theGrio’s 100: Wanda Butts, turning tragedy into life-saving hope

Wanda Butts

Honoree Wanda Butts of The Josh Project speaks onstage during the CNN Heroes: An All Star Tribute at The Shrine Auditorium on December 2, 2012 in Los Angeles, California. (Getty Images)

Who is Wanda Butts?

Wanda Butts faced every mother’s nightmare, when in 2006, she learned that her 16-year-old son had died. Josh drowned while rafting in Michigan with friends. And Butts was devastated by the realization that her own upbringing — avoiding water — had led her to raise her children without the knowledge of water safety, or how to swim.

According to USA Swimming, Butts was not alone. While drowning is the second leading cause of accidental death among American children, seven in ten African-American children do not know how to swim, along with six in ten Hispanic children, and compared to 40 percent of white children. And the organization states that children who grow up in non-swimming households are at an eight times greater risk of drowning. Meanwhile, participating in swimming lessons could reduce the likelihood of a child drowning by 88 percent.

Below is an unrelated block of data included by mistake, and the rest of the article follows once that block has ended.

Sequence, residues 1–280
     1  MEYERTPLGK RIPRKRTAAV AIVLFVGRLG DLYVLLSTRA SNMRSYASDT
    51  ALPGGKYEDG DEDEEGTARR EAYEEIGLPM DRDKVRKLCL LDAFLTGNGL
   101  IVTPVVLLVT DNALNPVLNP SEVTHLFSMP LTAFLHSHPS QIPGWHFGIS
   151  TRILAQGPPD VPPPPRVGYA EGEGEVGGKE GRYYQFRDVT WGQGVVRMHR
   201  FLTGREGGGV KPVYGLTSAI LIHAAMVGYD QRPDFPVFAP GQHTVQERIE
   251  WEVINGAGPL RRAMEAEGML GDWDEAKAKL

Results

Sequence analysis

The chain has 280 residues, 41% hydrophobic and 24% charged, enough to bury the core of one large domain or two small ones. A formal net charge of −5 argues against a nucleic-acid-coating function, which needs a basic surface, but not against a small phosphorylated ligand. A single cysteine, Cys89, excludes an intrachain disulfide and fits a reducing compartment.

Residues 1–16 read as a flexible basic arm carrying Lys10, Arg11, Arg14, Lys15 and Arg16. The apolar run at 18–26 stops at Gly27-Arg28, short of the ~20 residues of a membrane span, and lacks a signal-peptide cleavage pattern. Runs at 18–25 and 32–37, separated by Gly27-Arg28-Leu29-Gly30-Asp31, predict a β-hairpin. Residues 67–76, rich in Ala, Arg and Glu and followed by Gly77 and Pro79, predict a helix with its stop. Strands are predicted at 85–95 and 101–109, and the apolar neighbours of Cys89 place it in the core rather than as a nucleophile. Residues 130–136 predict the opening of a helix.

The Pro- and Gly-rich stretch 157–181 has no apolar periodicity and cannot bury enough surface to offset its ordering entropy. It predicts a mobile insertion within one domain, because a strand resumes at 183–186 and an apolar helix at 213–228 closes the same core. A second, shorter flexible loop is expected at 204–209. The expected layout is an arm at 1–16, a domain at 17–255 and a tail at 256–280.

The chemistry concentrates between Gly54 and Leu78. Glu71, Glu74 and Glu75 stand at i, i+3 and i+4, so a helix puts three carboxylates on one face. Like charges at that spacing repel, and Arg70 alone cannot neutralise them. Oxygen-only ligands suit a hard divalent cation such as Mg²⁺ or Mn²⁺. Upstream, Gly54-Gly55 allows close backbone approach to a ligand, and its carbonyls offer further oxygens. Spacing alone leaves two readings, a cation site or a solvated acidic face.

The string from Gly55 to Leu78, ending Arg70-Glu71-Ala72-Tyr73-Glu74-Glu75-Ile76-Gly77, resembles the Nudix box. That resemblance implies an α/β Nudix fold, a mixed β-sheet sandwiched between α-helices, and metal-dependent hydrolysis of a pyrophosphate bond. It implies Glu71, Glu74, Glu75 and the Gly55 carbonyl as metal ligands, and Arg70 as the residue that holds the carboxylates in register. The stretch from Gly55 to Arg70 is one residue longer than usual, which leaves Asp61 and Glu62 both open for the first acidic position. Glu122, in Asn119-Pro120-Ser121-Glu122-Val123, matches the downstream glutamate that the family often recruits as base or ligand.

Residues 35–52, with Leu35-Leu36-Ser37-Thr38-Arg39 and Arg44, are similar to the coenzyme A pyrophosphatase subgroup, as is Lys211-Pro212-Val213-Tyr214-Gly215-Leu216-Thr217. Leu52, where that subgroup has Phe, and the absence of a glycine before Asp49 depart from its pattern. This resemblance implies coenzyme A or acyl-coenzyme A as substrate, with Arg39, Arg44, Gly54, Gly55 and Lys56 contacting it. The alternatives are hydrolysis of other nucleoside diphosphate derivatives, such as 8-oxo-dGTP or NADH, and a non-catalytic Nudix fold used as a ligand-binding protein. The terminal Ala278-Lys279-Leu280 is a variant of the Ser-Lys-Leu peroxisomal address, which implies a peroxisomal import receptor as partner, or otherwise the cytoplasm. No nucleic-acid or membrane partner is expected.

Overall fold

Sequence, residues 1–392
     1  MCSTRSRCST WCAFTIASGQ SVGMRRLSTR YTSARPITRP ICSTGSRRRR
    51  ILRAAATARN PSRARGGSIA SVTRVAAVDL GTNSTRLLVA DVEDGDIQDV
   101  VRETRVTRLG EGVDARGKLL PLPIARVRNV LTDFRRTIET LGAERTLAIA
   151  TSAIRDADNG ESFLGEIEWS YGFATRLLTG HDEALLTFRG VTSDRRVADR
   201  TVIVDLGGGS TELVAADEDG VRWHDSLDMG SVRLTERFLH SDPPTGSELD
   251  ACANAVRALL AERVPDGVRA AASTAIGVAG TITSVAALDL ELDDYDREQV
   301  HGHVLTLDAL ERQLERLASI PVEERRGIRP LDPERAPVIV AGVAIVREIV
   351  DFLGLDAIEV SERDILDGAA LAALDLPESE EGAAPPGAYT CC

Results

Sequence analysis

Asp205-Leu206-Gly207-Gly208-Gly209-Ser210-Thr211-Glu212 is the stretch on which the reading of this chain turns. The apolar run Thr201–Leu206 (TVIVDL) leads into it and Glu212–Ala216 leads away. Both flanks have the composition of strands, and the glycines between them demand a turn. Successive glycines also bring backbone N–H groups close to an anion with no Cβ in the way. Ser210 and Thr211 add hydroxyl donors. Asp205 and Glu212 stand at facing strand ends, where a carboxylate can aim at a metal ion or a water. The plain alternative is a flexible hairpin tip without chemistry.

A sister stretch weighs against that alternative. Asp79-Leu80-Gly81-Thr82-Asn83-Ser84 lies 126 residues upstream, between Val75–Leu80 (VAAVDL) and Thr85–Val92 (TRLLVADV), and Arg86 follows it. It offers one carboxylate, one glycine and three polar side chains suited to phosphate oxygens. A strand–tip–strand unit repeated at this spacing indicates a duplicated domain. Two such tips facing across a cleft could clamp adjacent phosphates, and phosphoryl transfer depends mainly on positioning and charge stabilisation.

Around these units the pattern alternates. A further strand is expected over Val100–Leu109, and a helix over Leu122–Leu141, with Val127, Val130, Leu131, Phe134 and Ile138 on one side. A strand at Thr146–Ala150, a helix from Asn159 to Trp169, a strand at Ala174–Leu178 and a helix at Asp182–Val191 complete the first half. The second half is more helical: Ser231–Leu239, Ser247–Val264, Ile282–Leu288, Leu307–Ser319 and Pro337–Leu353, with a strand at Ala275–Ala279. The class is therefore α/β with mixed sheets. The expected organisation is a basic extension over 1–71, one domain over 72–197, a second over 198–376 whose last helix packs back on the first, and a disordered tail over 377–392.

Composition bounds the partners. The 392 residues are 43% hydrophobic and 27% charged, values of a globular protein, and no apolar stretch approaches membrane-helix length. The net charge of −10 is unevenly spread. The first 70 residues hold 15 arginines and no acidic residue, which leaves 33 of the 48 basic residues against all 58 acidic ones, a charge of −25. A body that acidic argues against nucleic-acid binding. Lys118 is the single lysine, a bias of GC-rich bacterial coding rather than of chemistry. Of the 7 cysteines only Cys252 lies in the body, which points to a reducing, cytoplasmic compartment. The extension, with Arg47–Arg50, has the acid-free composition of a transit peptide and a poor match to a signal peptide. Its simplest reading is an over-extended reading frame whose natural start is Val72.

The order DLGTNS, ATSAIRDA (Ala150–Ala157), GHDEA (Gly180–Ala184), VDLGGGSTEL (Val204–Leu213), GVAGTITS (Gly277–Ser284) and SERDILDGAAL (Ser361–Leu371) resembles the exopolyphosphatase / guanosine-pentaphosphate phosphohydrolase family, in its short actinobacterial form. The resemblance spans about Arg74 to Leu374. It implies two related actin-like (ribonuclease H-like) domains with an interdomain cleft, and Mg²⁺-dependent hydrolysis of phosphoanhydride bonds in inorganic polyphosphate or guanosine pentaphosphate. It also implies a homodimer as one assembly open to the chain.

Why is she on theGrio’s 100?

In response to the unspeakable tragedy she faced, Butts founded The Josh Project, partnering with USA Swimming to create a nonprofit that to date, has has taught more than 1,000 children in Ohio how to swim. Butts was named a CNN Heroes finalist in 2012 for her efforts.

“I saw nothing but disaster and tragedy from Josh’s drowning,” Butts said of the award. “Now I can see better what the plan was for my son’s life and death, and mine. His death was so others could have a fuller life and possibly a longer life because of their knowing how to swim…”

What’s next for Wanda Butts?

Butts has set a goal of expanding the Josh Project into its own aquatic complex with an Olympic-sized pool. The organization currently utilizes the pool at Toledo’s St. Francis de Sales High School on Saturdays.

Find out more about Wanda Butts’ The Josh Project here.